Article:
Here are a few ways to remedy some of the most common reasons why people are disengaged from reading and studying the Bible: 

Make time. We make time for many things. We make time to eat, sleep, exercise, go to movies, watch TV, and relax. There are time restraints: work, school, etc. Some things we choose and others are just simply a part of life. However, it’s imperative that we make time for one of the most important things in our lives: our understanding of what we believe and why we believe it.

Read the Bible. While this may sound obvious or silly, it really is rather profound. I began reading the Bible from the beginning over the past year. There is something to be said about simply putting a Bible on your desk or in your lap and reading it. Just simply read it. Read it for its content and then think about what you’ve read for a day or two. Ask simple questions of the text as you go. For example, “What does this text teach me about God?” Then, answer the question and jot down your observations.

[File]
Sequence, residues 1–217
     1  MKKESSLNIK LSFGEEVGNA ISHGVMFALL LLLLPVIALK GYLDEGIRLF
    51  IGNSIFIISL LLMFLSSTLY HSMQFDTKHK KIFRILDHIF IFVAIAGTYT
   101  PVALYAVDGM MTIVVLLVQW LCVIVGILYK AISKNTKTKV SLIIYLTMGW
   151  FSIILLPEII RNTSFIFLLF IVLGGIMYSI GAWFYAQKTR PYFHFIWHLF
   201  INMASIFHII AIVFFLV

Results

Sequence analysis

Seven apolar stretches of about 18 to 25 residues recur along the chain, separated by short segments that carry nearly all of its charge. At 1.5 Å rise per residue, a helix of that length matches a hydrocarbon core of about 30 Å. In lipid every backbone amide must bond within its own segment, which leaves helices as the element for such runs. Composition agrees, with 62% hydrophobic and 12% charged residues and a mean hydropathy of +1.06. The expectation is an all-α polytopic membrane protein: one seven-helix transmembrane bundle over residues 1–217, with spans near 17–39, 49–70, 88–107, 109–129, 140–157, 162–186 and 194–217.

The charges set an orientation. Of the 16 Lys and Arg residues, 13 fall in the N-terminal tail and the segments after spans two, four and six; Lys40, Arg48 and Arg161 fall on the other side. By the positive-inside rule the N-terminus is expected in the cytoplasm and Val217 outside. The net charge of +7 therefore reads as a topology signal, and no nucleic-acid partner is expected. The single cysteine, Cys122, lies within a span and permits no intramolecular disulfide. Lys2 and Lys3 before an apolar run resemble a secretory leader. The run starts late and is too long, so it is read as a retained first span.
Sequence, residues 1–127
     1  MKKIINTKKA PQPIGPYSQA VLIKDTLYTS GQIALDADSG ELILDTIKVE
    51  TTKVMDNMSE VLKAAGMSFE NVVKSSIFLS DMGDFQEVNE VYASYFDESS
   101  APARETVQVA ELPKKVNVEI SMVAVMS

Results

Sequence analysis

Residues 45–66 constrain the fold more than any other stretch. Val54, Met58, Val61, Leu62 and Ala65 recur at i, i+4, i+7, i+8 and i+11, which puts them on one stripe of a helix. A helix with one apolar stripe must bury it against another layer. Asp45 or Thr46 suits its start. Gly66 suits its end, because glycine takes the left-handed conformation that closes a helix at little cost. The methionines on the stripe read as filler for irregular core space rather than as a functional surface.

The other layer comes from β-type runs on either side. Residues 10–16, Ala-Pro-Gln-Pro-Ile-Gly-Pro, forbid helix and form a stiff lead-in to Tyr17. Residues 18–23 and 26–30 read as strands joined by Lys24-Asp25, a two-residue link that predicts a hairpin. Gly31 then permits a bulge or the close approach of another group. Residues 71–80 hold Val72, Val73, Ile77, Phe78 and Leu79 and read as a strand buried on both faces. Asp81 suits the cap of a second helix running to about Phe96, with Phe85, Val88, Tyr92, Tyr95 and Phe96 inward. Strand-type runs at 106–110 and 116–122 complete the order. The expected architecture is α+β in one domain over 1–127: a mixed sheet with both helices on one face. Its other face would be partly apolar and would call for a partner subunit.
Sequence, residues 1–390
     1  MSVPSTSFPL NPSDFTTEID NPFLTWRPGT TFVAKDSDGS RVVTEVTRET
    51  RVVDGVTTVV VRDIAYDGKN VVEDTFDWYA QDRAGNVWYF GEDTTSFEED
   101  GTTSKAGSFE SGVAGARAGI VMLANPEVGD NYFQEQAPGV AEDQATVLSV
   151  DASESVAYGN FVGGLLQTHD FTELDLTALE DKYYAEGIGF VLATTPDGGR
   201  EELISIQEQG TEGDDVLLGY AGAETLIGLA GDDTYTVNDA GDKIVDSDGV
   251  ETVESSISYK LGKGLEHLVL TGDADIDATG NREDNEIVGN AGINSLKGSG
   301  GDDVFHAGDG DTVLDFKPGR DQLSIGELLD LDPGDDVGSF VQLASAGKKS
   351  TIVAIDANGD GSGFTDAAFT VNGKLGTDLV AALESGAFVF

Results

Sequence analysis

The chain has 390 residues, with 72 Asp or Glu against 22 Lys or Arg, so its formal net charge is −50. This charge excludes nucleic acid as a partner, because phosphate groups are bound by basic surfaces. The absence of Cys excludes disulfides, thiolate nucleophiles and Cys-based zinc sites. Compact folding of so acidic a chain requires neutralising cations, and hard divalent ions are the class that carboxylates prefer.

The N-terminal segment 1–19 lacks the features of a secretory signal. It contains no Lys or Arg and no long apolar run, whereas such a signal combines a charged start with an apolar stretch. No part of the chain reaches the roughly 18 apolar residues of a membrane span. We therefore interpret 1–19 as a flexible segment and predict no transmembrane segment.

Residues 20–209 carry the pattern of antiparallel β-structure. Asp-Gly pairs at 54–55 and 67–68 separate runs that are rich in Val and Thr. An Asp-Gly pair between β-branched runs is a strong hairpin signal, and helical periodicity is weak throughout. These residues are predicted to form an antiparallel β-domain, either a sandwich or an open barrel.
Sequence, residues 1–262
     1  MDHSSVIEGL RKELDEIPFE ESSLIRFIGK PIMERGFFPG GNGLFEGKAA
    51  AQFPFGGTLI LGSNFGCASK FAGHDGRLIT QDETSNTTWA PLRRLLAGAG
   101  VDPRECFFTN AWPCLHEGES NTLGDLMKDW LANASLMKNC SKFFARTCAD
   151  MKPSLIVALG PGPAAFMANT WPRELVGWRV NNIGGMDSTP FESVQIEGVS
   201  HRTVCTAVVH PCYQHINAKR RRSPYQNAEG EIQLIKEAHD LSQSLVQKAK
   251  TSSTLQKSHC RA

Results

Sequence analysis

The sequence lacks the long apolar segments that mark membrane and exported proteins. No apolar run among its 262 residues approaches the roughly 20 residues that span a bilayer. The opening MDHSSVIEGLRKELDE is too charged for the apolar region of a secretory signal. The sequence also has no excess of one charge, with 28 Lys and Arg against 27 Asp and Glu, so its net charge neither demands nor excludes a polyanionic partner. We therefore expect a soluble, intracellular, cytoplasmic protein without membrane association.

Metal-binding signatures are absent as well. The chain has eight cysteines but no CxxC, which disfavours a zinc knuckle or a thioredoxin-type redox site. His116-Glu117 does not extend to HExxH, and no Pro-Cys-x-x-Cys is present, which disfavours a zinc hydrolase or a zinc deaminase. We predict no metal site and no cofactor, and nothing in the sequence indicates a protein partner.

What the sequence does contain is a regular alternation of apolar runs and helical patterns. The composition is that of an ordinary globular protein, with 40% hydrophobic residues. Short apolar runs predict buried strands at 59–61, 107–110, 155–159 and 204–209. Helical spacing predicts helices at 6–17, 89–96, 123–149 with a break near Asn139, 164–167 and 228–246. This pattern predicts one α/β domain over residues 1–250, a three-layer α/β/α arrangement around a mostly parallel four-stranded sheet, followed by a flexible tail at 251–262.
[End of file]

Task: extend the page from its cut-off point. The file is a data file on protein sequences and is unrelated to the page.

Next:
Learn how to study the Bible. As a high school Bible teacher, I’ve told my students that to study the Word of God they’ll need to put effort into the task. Because we are reading an ancient text, written in ancient languages, formed in ancient cultures, we are wise to utilize reliable resources that help us rightly handle God’s Word. Books such as How to Read the Bible for All Its Worth by Gordon Fee and Douglas Stuart offer sound principles for keeping us on track, while resources such as commentaries, Bible dictionaries, and a concordance help us to understand the larger context of our reading. Another resource, blueletterbible.org, provides help with the original biblical languages and historical context. You may even consider auditing a hermeneutics course through a local or online seminary, downloading the free Logos Bible Software, or reading articles like this one from The Navigators which provides a structured format to our study that guides us in drawing out the true meaning of the text (exegesis) rather than reading our own ideas into the text (eisegesis).